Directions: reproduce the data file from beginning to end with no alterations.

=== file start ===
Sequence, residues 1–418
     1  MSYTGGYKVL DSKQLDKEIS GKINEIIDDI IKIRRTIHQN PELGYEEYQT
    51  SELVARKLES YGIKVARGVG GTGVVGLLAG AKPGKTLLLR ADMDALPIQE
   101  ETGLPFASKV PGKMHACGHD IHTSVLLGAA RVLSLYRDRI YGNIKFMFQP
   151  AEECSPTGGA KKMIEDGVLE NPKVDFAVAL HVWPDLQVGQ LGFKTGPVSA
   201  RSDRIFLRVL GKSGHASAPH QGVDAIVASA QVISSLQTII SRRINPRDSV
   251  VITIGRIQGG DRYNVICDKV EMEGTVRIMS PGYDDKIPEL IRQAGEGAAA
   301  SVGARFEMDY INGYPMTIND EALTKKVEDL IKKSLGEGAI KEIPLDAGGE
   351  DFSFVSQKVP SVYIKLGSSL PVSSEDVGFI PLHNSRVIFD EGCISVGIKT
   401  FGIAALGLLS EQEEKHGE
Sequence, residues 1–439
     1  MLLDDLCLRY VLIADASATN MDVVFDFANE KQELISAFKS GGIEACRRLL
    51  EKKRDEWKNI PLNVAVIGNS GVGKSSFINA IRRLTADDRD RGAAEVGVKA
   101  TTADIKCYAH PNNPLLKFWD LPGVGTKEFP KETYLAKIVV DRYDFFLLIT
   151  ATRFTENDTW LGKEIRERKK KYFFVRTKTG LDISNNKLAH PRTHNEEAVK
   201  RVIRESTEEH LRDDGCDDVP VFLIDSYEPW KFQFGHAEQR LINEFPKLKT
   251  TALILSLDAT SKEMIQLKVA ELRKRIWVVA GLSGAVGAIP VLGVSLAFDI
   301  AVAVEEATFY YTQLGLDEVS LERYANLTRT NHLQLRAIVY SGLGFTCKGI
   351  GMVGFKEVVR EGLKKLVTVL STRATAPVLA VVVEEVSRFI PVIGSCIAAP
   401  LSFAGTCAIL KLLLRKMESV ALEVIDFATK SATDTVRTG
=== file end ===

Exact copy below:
Sequence, residues 1–418
     1  MSYTGGYKVL DSKQLDKEIS GKINEIIDDI IKIRRTIHQN PELGYEEYQT
    51  SELVARKLES YGIKVARGVG GTGVVGLLAG AKPGKTLLLR ADMDALPIQE
   101  ETGLPFASKV PGKMHACGHD IHTSVLLGAA RVLSLYRDRI YGNIKFMFQP
   151  AEECSPTGGA KKMIEDGVLE NPKVDFAVAL HVWPDLQVGQ LGFKTGPVSA
   201  RSDRIFLRVL GKSGHASAPH QGVDAIVASA QVISSLQTII SRRINPRDSV
   251  VITIGRIQGG DRYNVICDKV EMEGTVRIMS PGYDDKIPEL IRQAGEGAAA
   301  SVGARFEMDY INGYPMTIND EALTKKVEDL IKKSLGEGAI KEIPLDAGGE
   351  DFSFVSQKVP SVYIKLGSSL PVSSEDVGFI PLHNSRVIFD EGCISVGIKT
   401  FGIAALGLLS EQEEKHGE
Sequence, residues 1–439
     1  MLLDDLCLRY VLIADASATN MDVVFDFANE KQELISAFKS GGIEACRRLL
    51  EKKRDEWKNI PLNVAVIGNS GVGKSSFINA IRRLTADDRD RGAAEVGVKA
   101  TTADIKCYAH PNNPLLKFWD LPGVGTKEFP KETYLAKIVV DRYDFFLLIT
   151  ATRFTENDTW LGKEIRERKK KYFFVRTKTG LDISNNKLAH PRTHNEEAVK
   201  RVIRESTEEH LRDDGCDDVP VFLIDSYEPW KFQFGHAEQR LINEFPKLKT
   251  TALILSLDAT SKEMIQLKVA ELRKRIWVVA GLSGAVGAIP VLGVSLAFDI
   301  AVAVEEATFY YTQLGLDEVS LERYANLTRT NHLQLRAIVY SGLGFTCKGI
   351  GMVGFKEVVR EGLKKLVTVL STRATAPVLA VVVEEVSRFI PVIGSCIAAP
   401  LSFAGTCAIL KLLLRKMESV ALEVIDFATK SATDTVRTG